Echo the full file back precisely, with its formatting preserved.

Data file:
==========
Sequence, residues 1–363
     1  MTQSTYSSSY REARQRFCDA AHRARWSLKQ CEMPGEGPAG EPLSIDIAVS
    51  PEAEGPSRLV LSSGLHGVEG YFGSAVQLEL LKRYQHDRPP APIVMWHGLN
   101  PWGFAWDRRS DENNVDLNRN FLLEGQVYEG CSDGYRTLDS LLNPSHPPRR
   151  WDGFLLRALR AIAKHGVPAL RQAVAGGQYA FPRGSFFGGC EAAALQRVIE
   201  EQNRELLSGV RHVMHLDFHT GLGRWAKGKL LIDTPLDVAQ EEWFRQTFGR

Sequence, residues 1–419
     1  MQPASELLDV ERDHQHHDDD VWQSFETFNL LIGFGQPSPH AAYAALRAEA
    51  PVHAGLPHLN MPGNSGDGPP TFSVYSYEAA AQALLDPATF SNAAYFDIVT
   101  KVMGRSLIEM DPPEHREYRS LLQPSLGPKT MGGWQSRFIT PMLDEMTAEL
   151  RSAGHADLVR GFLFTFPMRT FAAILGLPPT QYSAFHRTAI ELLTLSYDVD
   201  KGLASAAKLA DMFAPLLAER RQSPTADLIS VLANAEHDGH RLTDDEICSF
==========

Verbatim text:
Sequence, residues 1–363
     1  MTQSTYSSSY REARQRFCDA AHRARWSLKQ CEMPGEGPAG EPLSIDIAVS
    51  PEAEGPSRLV LSSGLHGVEG YFGSAVQLEL LKRYQHDRPP APIVMWHGLN
   101  PWGFAWDRRS DENNVDLNRN FLLEGQVYEG CSDGYRTLDS LLNPSHPPRR
   151  WDGFLLRALR AIAKHGVPAL RQAVAGGQYA FPRGSFFGGC EAAALQRVIE
   201  EQNRELLSGV RHVMHLDFHT GLGRWAKGKL LIDTPLDVAQ EEWFRQTFGR

Sequence, residues 1–419
     1  MQPASELLDV ERDHQHHDDD VWQSFETFNL LIGFGQPSPH AAYAALRAEA
    51  PVHAGLPHLN MPGNSGDGPP TFSVYSYEAA AQALLDPATF SNAAYFDIVT
   101  KVMGRSLIEM DPPEHREYRS LLQPSLGPKT MGGWQSRFIT PMLDEMTAEL
   151  RSAGHADLVR GFLFTFPMRT FAAILGLPPT QYSAFHRTAI ELLTLSYDVD
   201  KGLASAAKLA DMFAPLLAER RQSPTADLIS VLANAEHDGH RLTDDEICSF